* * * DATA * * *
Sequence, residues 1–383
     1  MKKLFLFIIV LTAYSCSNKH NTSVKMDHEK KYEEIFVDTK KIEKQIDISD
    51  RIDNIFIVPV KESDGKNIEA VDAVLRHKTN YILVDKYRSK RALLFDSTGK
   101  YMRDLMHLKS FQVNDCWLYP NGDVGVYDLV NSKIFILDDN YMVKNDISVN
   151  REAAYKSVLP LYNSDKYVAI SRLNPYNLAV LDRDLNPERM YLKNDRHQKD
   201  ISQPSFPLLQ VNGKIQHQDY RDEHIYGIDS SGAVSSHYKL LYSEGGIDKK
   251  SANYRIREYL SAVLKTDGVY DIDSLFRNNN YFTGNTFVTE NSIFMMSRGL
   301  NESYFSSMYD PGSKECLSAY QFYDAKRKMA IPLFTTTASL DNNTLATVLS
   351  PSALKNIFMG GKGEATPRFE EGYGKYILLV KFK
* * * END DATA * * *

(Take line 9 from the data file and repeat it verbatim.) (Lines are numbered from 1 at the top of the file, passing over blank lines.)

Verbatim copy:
   351  PSALKNIFMG GKGEATPRFE EGYGKYILLV KFK